West Virginia Doesn’t Race To The Top
Washington, DC – When the US Dept of Education released its list of finalists in the first round of its Race To The Top grants, West Virginia was not on the list. They’re not alone – of the 41 applicants that applied for the grants, only 15 states and the District of Columbia made it to this stage.
Race To The Top is a 4.35 Billion dollar grant program to dramatically reshape Americas’ educational system to give students the tools they need to be competitive in the world economy and workplace. According to the US Dept of Education panels of five peer reviewers independently read and scored each state’s application. The panels then met in February to finalize their comments and submit the scores. From this process, the sixteen finalists were chosen.
The WV Dept of Education won’t know why they didn’t make the cut until the reviewers comments are released in April. WV Governor Joe Manchin has pledged to support whatever efforts are needed, including a special legislative session, to ensure that WV can make it through the second round of RTTT grants in June.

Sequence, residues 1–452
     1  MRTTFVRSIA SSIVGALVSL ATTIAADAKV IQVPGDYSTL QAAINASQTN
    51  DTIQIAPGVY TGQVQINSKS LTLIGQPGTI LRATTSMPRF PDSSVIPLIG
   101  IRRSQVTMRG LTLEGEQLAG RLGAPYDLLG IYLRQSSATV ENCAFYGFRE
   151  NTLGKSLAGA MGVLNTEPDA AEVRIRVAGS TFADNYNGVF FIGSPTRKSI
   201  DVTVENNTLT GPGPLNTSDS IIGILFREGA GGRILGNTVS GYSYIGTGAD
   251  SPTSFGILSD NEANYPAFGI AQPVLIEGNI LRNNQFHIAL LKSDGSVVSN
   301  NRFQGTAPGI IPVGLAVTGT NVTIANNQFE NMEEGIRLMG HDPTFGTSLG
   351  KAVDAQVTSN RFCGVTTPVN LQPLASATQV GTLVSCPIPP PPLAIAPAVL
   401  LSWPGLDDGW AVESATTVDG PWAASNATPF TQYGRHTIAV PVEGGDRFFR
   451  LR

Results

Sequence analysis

All 55 school districts, including Pocahontas, signed a Memorandum of Understanding supporting the WV Dept of Educations RTTT grant application. The grant is important in supporting the states 21st Century learning vision called Global 21: Students Deserve It, The World Demands It. This program defines a 21st century learner as part of a generation that has never known a world without the internet, computers, video games and cell phones. They’re digital natives that have grown up with information technology as part of their daily lives.
Accordingly, learning skills in this program are based on information and communication skills such as word processing, e-mail and various software applications. They also emphasize critical thinking, problem solving, and being self-directed and adaptable.
Finalists chosen in round one are Colorado, Delaware, District of Columbia, Florida, Georgia, Illinois, Kentucky, Louisiana, Massachusetts, New York, North Carolina, Ohio, Pennsylvania, Rhode Island, South Carolina, and Tennessee.
This month the finalists will present their proposals to the same panel that chose them, for a more in-depth interview. US Secretary of Education Arne Duncan anticipates that very few will make the final cut. Those that do will be announced in April.